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A comparison of three approaches to problem solving in grades six and seven

This study was undertaken to compare the effectiveness of two problem-solving strategies at the grade six and seven levels. Both strategies were designed to aid students in associating the verbal statement of a problem with its corresponding
mathematical equation. One approach, the Translation Method, stressed literal, carefully structured translation of word problems, while the second, the Inductive Method, encouraged students to create their own problems, using mathematical
equations given by the teacher. A control group practiced word problems without any instructional guidance.
Forty-eight students from the sixth and seventh grades of a private elementary
school in Vancouver, British Columbia were combined and assigned to the three treatment groups on the basis of their performance on a pretest in translation. For a period of four school days, all subjects used materials prepared by the investigator.
Two criterion measures were used. Posttest One was composed of traditional
word problems requiring only one mathematical operation for the correct solution. Posttest Two was constructed with novel or challenging word problems requiring more than one operation for the correct solution. Each test contained eight items and was designed for one forty-minute period. Scores of the tests were analyzed using multivariate analysis of variance for the two dependent measures. The three factors considered were Treatment, Sex, and Grade, and a simple main effects analysis was employed to examine male-female differences within each treatment level.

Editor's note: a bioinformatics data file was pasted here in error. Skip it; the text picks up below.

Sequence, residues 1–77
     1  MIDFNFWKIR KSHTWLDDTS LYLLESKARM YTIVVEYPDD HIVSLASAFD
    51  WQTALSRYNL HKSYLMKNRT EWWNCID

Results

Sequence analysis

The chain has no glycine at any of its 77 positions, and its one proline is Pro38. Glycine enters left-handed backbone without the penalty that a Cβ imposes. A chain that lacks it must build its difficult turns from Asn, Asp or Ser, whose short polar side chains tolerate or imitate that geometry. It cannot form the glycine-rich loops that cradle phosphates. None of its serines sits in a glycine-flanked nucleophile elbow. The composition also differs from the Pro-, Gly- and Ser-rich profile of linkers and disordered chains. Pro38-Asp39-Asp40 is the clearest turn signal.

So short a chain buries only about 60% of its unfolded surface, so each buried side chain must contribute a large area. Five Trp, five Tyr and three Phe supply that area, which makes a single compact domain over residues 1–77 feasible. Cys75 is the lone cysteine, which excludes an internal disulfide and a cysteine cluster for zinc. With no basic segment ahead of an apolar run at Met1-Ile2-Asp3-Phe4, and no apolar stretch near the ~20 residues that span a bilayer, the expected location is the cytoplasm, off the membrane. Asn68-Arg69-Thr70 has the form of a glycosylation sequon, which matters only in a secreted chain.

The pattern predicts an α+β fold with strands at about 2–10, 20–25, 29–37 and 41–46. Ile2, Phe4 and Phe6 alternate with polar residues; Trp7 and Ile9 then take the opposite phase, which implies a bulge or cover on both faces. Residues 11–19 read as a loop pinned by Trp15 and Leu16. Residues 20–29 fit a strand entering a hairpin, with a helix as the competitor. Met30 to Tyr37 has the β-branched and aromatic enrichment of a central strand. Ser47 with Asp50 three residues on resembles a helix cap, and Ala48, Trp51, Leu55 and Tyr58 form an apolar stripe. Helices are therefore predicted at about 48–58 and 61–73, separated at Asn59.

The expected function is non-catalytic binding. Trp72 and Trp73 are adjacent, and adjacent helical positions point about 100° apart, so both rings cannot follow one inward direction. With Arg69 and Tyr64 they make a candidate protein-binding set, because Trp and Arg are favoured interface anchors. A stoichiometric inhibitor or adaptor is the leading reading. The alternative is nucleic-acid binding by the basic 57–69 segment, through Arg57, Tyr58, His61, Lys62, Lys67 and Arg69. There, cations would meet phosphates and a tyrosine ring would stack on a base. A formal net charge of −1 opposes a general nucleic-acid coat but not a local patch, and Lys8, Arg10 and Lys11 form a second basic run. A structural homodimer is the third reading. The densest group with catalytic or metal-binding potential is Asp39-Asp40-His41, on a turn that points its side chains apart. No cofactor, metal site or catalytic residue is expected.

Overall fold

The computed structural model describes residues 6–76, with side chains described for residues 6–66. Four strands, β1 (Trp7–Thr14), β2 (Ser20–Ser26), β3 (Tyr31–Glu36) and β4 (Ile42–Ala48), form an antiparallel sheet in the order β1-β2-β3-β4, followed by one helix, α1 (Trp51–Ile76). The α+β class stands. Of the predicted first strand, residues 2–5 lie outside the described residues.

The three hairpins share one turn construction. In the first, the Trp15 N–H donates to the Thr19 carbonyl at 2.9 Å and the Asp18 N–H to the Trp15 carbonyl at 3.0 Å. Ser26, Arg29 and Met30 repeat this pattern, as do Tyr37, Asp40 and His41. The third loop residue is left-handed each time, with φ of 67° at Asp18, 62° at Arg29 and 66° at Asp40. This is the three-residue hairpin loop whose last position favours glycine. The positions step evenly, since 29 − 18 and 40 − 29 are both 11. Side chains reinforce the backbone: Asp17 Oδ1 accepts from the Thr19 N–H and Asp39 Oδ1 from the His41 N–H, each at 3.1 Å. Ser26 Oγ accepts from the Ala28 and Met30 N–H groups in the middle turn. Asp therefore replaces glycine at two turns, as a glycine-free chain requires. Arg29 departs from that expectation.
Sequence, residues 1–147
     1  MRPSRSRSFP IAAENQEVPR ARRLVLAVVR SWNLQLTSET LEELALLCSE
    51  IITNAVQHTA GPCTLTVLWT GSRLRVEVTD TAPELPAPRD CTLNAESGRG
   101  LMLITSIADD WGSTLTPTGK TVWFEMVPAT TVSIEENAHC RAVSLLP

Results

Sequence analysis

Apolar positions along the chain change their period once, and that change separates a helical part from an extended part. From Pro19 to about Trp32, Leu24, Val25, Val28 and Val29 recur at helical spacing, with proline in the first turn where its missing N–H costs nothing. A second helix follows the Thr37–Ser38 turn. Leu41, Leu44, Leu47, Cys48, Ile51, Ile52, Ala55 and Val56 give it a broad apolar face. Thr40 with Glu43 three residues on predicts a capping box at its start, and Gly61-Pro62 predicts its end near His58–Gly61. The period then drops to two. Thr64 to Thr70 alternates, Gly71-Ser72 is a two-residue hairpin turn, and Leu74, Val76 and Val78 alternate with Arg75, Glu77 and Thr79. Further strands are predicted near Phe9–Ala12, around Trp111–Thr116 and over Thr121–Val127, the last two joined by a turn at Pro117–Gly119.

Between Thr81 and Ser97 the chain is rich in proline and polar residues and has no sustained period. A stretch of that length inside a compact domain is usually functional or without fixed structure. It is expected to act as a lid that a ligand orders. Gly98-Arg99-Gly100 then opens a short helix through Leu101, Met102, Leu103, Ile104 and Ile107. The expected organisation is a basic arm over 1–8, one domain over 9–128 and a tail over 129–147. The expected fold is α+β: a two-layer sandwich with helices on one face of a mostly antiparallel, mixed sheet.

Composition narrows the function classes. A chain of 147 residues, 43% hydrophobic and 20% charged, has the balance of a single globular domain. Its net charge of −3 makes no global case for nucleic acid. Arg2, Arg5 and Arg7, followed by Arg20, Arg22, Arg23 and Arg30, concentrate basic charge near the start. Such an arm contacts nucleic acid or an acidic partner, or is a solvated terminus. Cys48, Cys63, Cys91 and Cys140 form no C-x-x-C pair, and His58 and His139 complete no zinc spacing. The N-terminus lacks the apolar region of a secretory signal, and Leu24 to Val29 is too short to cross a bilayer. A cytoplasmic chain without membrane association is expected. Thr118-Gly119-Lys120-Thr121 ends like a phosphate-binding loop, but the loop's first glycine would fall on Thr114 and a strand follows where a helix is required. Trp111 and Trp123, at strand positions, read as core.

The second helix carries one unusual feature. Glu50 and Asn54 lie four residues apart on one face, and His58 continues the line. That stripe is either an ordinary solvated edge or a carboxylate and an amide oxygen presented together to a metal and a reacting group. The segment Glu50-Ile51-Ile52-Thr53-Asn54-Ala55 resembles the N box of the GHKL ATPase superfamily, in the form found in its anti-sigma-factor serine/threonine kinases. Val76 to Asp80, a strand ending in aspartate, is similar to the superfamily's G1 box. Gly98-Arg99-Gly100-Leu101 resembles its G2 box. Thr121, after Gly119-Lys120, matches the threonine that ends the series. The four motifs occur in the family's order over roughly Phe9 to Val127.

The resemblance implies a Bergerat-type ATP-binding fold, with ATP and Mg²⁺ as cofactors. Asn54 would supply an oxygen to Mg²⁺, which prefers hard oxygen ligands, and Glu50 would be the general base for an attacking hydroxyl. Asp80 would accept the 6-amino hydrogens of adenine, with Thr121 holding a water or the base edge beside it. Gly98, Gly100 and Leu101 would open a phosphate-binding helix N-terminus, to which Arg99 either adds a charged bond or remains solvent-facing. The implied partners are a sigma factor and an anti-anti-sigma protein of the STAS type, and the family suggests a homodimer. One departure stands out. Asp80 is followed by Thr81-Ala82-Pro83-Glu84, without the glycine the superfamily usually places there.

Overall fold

Statistical comparisons among the three groups offered no evidence of superiority
for one approach over another. In addition, no interaction was found between treatment and sex. Boys were found to be significantly superior to girls in performance
on the posttests. Further analysis indicated that Posttest One scores for the Translation Group students differed significantly between boys and girls, with the girls' performance particularly weak for this measure.
Subjective observation revealed differences in attitude. Students found the Translation Method burdensome. Students in the Inductive Group enjoyed that approach,
and students in the Control Group seemed interested in the practice sequence of word problems. / Education, Faculty of / Graduate
Date January 1978
CreatorsMinkowitz, Goldie
Source SetsUniversity of British Columbia
Detected LanguageEnglish
TypeText, Thesis/Dissertation
RightsFor non-commercial purposes only, such as research, private study and education. Additional conditions apply, see Terms of Use

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